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Itinerant traders from Uganda, DRC the norm in major towns

By Irene Ngolo | Jun 22nd 2019 | 4 min read
By Irene Ngolo | June 22nd 2019

They are all over town. You meet them on the streets, in bars and deep in the residential estates as they hawk beauty products, shoes and wooden stools.

Most of them are young men and women and they have taken Kisumu’s informal trade by storm, even as it emerged that majority of these new hawkers are foreigners.

In the evenings, they play hide and seek with the police since many of them do not have immigration documents or work permits. Often, they have been arrested and deported to their countries but others quickly arrive and business continues.

Investigations by the Saturday Standard show that the foreign hawkers come from as far as the Democratic  Republic of Congo, Rwanda, Burundi and Uganda.

They have outwitted the local hawkers because they are suave, aggressive, offer bargains and take the goods to the doors of potential buyers.

Local street traders are now crying foul, accusing the government of allowing foreigners to compete with them.

Despite the protests, the foreign hawkers seem to be slowly pushing out local traders.

Take for example Susan Vera from Uganda who has been importing small and creatively made stools that are now popular among Kisumu residents.

Flexible prices

“I started this business last year, I bring 1,000 stools at a cost of Sh100 each and sell at Sh250. The locals like our goods because we offer flexible prices and we know how to talk to them,” says Vera.

She has travelled all the way from Lugazi in Uganda with hopes earning a living in Kisumu.

“I restock products after every two weeks, I load my goods in large trucks for transportation to Kisumu. At the border, I pay the officers between Sh7,000 and Sh8,000 then they let me pass,” she says.

Vera has enlisted four young men and two women, including her daughter, to hawk the stools for her on the streets of Kisumu town and pays them commission from the sales. At the beginning of this month, they broke ground in Migori where each one of them went with 100 stools.

“Business is good. We are cashing in on the spirit of the East African Community that has allowed free movement of goods,” she says.

On the streets of Kisumu, other young men saunter around hawking necklaces, shoes, bags and other beauty products.

Jackson, a Congolese, says they buy shoes from Kampala, put them in sacks and transport them in a bus to Kenya.

He says together with his three friends, they bribe the bus driver with at least Sh2,000 each, then board as any other passenger.

When they reach the border, the driver would talk to the police officers and they are allowed to pass without passports.

No stalls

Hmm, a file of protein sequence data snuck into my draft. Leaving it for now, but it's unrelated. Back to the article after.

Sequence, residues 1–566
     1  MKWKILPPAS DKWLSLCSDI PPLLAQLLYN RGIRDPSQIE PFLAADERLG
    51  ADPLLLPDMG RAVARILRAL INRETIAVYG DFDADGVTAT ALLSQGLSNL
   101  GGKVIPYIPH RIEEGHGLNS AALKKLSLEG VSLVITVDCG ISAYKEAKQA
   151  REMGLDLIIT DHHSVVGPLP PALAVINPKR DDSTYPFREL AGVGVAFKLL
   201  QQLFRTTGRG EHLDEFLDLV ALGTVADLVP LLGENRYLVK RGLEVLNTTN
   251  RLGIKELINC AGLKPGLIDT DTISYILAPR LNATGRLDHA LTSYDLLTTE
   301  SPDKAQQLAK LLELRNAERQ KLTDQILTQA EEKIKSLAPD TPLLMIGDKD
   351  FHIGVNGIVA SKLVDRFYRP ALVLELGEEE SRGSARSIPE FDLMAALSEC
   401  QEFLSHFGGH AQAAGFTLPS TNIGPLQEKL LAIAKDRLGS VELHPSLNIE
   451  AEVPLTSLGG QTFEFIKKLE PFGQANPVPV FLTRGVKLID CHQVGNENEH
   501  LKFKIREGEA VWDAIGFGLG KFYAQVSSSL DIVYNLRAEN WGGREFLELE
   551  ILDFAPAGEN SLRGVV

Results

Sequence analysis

In Kisumu, they all live in a single room. They hawk their wares in hotels, pubs and other business areas.

They have no stalls, and carry the products in big safari bags.

“We stay in Kenya for about two or three weeks and later return to Uganda for more products,” says Jackson.

Another Ugandan trader, who declined to be named, says he makes huge profits on a good day.

But Kisumu hawkers now say the foreigners are pushing them out of business because they do not pay taxes.

“I pay the county government Sh30 every day, besides this stall for which I pay monthly rent of Sh2,000. I must also pay for a business permit,” says Jared Otieno, a local shoe trader.

Otieno says he buys his products every weekend from Nairobi.

“The foreigners get theirs from Kampala at very low prices. This is why we cannot compete with them,” he says.

Kevin Movine, the chairman for Fire Hawkers Association, a shoe selling group of traders in Kisumu, says the competition between the local and foreign traders is getting stiffer by the day.

Movine says members of the group could sell for a week before restocking, but nowadays, it takes up to a month before selling a whole stock, estimated as 250 pairs of shoes and above.

He says they pay stall rent of at least Sh4,000 per month, besides other taxes, making it difficult to compete with the foreign hawkers who don’t pay anything.

The Police and Immigration Department officials say they have been doing their best to control the influx of foreign traders into Kisumu and other towns in Nyanza.

Assistant Director of Immigration in Nyanza region, Maurice Anyanga, says they have arrested and deported several foreigners in the past few months.

Anyanga says in the past three months they have arrested two Somalis, one Rwandese, two Ugandans and one Tanzanian who were in the country illegally. [Irene Ngolo]

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